Some of the compost has been used for small city and county highway projects. “We do not generate large enough quantities for most big state projects, but we are always trying to get whatever business we can,” says Freilich. “For use on playing fields and golf courses we need to screen to a smaller size. So purchasing a new screen in the future is a possibility.”

The solid waste processing complex neighbors the local airport, therefore the composting facility does not accept any type of organic waste (including food scraps) that would attract birds and create a hazard for aircraft. Due to its limited production capabilities, Freilich has taken steps to ensure that Garden Glory Compost is the highest quality possible. “For example, loads are checked at the scale house, as well as at the unloading area,” she says. “If plastic or any other contaminant is found in the load, it’s rejected.”

The composting facility operates under a solid waste permit instead of a state biosolids permit. As a result, the Class A (highest grade) biosolids compost production is overseen by the county environmental health department. Freilich remarks that this local partnership has helped the City maintain high standards for the compost while following all regulations.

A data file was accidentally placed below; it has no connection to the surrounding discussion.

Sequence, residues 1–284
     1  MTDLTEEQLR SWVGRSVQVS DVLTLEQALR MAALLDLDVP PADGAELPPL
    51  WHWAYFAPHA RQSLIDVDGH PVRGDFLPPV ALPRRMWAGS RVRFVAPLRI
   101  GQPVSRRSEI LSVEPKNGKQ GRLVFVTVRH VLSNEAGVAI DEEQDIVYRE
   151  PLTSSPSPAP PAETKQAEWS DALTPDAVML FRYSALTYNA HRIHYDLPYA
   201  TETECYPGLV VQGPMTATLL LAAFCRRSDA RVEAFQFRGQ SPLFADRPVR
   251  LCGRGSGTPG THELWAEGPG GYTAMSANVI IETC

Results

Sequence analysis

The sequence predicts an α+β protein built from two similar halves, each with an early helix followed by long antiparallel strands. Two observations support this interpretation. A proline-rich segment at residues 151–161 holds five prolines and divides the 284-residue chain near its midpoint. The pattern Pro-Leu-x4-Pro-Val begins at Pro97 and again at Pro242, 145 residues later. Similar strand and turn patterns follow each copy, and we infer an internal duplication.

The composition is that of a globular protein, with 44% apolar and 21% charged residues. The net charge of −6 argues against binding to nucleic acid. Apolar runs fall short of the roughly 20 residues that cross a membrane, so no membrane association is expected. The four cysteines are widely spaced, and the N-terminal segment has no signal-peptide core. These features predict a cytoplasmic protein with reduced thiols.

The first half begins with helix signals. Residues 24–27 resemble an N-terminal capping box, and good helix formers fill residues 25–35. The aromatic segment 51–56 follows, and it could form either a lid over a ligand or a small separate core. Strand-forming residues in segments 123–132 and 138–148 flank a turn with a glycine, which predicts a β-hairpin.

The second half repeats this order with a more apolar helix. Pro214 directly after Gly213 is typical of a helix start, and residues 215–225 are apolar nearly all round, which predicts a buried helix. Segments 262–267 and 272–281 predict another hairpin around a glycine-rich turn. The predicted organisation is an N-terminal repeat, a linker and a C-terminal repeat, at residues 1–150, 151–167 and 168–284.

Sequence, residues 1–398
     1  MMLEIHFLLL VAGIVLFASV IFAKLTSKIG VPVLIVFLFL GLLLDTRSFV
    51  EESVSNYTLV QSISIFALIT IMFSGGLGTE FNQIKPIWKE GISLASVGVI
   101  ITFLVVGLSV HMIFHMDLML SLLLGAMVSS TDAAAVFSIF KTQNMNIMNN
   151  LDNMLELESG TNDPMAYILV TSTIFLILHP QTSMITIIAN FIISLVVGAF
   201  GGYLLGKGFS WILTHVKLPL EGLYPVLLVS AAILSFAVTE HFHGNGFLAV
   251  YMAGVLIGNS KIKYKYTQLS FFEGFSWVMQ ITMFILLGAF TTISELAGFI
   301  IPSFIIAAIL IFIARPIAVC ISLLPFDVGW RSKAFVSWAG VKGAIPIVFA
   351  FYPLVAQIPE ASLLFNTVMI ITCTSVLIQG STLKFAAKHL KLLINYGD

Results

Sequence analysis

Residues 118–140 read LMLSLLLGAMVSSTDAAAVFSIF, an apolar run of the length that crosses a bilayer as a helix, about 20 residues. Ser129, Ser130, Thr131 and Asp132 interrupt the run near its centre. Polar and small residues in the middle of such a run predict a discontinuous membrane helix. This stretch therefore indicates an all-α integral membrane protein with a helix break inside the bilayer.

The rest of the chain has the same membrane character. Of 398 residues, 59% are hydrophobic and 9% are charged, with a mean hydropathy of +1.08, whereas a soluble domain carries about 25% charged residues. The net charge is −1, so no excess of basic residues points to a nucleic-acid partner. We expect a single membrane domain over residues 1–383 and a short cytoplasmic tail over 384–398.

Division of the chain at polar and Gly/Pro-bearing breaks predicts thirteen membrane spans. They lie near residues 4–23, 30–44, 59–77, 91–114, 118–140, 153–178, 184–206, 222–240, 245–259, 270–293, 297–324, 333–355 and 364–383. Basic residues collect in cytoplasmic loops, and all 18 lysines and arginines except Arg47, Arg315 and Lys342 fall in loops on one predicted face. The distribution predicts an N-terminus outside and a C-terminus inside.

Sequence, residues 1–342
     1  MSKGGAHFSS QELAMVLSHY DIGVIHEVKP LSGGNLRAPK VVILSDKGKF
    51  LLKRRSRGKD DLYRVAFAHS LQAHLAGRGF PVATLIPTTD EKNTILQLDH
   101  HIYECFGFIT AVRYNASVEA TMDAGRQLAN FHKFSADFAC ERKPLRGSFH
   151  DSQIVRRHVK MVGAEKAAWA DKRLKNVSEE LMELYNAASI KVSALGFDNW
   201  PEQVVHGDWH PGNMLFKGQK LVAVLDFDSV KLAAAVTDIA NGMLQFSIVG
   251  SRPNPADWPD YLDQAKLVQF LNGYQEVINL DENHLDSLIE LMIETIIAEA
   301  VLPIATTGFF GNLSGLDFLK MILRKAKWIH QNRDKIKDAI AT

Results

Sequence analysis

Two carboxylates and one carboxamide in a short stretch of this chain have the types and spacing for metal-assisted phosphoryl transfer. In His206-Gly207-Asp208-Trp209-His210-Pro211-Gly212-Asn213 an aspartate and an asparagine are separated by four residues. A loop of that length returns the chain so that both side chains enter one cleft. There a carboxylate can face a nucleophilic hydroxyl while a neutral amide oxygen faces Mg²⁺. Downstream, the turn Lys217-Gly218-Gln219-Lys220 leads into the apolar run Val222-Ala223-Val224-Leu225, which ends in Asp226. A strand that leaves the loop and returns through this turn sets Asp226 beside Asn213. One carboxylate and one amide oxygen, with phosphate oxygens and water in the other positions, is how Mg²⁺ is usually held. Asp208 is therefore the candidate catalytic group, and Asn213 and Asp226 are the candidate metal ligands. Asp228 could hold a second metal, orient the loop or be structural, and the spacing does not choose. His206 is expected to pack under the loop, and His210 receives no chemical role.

The City’s goal is to have revenue from compost sales and the yard trimmings and biosolids tipping fees cover the contract costs. To address the year-round generation of biosolids combined with the seasonality of compost retail sales, Freilich would like to develop a partnership with a local business that could bag and sell the compost at local garden centers. This would alleviate the backlog of compost over the winter months. At the moment, she keeps the compost moving by regularly offering sales on the product. “In March 2015, we had a 40 percent discount on compost, which was perfect for all early-bird gardeners and landscapers who were eager to get some spring planting started,” notes Freilich.

Ashley Blazina, a Contributing Writer to BioCycle, is a Master of Forest Sciences Candidate (2016) at the University of Washington.